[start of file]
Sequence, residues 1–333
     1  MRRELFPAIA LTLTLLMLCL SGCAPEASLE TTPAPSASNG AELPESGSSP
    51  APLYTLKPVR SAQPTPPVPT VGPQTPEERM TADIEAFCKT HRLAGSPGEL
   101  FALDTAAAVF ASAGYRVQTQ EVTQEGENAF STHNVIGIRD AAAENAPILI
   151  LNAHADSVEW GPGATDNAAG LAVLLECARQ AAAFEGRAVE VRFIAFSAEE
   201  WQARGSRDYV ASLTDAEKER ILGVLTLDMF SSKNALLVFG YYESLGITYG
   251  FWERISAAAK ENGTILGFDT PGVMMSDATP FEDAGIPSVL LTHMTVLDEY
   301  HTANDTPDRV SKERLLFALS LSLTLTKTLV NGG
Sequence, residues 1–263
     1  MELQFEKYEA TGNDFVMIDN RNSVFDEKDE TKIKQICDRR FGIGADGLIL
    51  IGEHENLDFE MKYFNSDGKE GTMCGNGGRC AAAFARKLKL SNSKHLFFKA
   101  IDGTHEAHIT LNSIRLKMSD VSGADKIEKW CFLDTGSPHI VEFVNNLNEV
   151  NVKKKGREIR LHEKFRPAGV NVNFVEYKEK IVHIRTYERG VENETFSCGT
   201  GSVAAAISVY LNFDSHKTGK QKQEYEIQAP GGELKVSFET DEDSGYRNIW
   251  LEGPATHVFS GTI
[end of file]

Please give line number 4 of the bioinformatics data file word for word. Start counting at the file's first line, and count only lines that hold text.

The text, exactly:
   101  FALDTAAAVF ASAGYRVQTQ EVTQEGENAF STHNVIGIRD AAAENAPILI